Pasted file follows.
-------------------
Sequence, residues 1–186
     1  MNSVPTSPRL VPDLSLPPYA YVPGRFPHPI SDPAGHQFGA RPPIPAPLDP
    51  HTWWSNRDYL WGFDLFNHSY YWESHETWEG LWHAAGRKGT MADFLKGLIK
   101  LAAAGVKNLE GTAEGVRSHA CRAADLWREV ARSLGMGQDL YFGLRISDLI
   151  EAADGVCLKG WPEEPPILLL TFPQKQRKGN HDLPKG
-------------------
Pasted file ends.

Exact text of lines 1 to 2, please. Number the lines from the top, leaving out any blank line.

Sequence, residues 1–186
     1  MNSVPTSPRL VPDLSLPPYA YVPGRFPHPI SDPAGHQFGA RPPIPAPLDP